Look at these Golden Gods! Behold the majesty that was Led Zeppelin – often imitated but never bettered, they were the pinnacle of Rock in the 70’s…
and boy, did they know how to party! I’ve got the ultimate look at that, plus:
If you don’t know the face above, then you are missing out on one of music’s most eclectic and talented performers, and a master in the studio.
Finally, we’ve got your “three dog nightmare!”
Three Dog Nightmare! The Chuck Negron Story by Chuck Negron with Chris Blatchford – published in 2000
Do you recognize any of these songs? “Joy To The World”, “Celebrate”, “An Old Fashioned Love Song” or “Easy To Be Hard?” If so, then you know the group known as “Three Dog Night”. A large group of musicians fronted by 3 lead singers – Cory Wells, Danny Hutton and Chuck Negron.
First, the name. “A label called White Whale Records wanted to sign us immediately but we decided to see who else was interested. We did a showcase at the Troubadour in Los Angeles and a bidding war started. We ended up signing with Dunhill-ABC Records, but we still needed a name,” founding singer Cory Wells says.
The official commentary included in the CD set Celebrate: The Three Dog Night Story, 1965-1975 states that vocalist Danny Hutton’s then-girlfriend June Fairchild suggested the name after reading a magazine article about indigenous Australians, in which it was explained that on cold nights they would customarily sleep in a hole in the ground while embracing a dingo, a native species of wild dog. On colder nights they would sleep with two dogs and if the night was freezing, it was a “three dog night”.
Three Dog Night’s self-titled debut album was released in late 1968 and it became an immediate hit. Between 1968 and 1975, Three Dog Night had 21 Billboard top 40 hits in America, three of which reached Number One – three number 1 hits! Yet, here is what lead singer Chuck Negron remembers:
“I lay there shaking like a Vegematic and sweating through the blankets. I prayed, “Please let me die or give me one minute of peace from this sickness.” Then it happened. I knew then, and I still know now, that God did something for me that I could not do for myself. It was a gift. I was weak, alone, desperate, dying, and afraid. I surrendered. I prayed. He saved me. That’s the only way I can explain what for me was the beginning of a miracle.”
So there you have it – this book delves into the sordid underbelly of fame…when you seemingly have it all and throw it all away. Chuck Negron lays it all out there with a candid, brutal honesty…
Here’s what Amazon says: “Three Dog Nightmare” is a profoundly moral tale, an inspiring story of recovery and resurrection. But without a fall, there can be no resurrection. Few have fallen as hard, or as low. And even though we know the outcome, even though we know that he survived, Chuck Negron’s is a story that seems at times almost too painful to read in its devastatingly sad portrayal of wasted talent, ruined chances, and burned lives.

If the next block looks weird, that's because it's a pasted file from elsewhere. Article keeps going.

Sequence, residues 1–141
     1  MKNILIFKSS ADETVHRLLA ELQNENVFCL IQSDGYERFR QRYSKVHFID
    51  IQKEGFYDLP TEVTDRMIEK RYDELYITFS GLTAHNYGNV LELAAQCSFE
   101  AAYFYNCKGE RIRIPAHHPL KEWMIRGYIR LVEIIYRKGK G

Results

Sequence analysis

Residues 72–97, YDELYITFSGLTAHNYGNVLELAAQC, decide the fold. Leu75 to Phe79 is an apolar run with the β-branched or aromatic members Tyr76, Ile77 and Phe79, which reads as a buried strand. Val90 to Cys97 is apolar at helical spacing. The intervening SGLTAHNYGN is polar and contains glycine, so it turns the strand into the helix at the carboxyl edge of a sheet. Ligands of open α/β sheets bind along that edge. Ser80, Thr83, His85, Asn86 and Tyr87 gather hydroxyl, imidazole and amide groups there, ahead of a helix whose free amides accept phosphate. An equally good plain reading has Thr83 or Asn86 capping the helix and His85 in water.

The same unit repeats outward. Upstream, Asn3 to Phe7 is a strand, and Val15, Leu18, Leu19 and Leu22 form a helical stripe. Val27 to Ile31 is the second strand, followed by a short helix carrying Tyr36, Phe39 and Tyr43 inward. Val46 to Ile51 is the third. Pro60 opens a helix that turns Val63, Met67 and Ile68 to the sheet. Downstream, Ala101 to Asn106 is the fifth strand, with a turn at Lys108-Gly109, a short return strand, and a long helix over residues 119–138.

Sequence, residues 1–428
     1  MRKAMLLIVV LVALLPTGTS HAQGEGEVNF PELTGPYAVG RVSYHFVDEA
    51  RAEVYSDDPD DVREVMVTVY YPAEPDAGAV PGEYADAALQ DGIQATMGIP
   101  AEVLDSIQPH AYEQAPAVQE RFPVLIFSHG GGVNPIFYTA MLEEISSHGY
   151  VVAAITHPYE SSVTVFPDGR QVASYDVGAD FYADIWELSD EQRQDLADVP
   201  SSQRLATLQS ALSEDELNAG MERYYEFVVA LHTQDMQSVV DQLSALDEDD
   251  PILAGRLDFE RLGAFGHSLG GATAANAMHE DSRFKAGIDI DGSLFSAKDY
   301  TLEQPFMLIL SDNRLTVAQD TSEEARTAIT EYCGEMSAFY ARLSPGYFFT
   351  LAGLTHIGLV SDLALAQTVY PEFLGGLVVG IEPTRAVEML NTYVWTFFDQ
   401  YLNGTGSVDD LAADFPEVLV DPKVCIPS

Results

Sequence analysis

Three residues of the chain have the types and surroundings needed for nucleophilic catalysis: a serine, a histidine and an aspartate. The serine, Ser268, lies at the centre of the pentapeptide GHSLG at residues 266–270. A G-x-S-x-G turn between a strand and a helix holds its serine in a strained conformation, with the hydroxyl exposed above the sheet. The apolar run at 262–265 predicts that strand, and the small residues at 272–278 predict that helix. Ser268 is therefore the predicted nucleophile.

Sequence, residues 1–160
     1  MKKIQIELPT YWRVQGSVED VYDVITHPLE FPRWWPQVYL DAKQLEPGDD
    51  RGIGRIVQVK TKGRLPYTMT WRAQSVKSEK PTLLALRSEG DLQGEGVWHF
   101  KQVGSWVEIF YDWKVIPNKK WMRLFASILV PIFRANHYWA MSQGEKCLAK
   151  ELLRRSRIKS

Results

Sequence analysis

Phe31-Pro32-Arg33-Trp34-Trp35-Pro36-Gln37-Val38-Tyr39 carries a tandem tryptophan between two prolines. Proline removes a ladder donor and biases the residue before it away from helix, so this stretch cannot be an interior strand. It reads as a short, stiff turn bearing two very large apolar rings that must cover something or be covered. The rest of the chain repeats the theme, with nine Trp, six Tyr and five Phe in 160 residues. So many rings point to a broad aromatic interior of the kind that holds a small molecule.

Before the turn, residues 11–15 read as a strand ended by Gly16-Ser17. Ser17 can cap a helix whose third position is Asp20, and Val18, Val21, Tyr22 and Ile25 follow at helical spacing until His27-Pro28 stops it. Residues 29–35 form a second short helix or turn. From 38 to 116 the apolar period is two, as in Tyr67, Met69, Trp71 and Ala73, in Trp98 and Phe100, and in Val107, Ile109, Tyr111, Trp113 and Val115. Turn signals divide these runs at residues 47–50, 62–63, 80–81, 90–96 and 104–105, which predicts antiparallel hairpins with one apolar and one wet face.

“I shoved drugs into my system like a little kid eating candy. And in the end, it took away everything: my money, my fame, my wives, my children, and my self-respect. I traded a Mediterranean-style villa in the Hollywood Hills for a corner of an abandoned building where I slept on a filthy mattress I found in a vacant lot.”
That he survived at all is a miracle; that he has his career back on track and a new life devoted to helping other drug abusers is an inspiration. So throw on a little “Eli’s Coming” and read all about it!
TODD IS GOD!
A Wizard, A True Star: Todd Rundgren In The Studio – by Paul Myers and Todd Rundgren – published in 2010.
First, let’s give some credit to his hits: “Hello, It’s Me”, “Can We Still Be Friends”, “I Saw The Light”, “We Gotta Get You A Woman” and the classic tune played now at every sporting event, “Bang On The Drum All Day.”
As a huge Todd Rundgren fan, this look at his career captures the professional life of one of music’s great artists.
Hailed in the early stage of his career as a new pop-wunderkind, supported by the certified gold solo double LP Something/Anything? in 1972, Todd Rundgren’s career has produced a diverse range of recordings as solo artist, and during the seventies and eighties with the band Utopia. He has also been prolific as a producer and engineer on the recorded work of other musicians.
During the 1970s and 1980s, Rundgren engineered and/or produced many notable albums for other acts, including Straight Up by Badfinger, Stage Fright by The Band, We’re an American Band by Grand Funk Railroad, Bat Out of Hell by Meat Loaf, and Skylarking by XTC. In the 1980s and 1990s his interest in video and computers led to Rundgren’s “Time Heals” being the eighth video played on MTV!
So about this book…here is how Amazon describes it: “Throughout his career Rundgren has ping-ponged between the worlds of producer and recording artist with varying degrees of critical and commercial success. After learning his craft as a songwriter and arranger with Nazz Rundgren gained attention by engineering recordings by The Band.
His reputation was cemented by a string of noteworthy productions beginning in 1971 with classic albums for Grand Funk Railroad, including the mega-hit “We’re An American Band”.
Todd also produced the follow-up album “Shinin’ On”, which was released with a 3D album cover!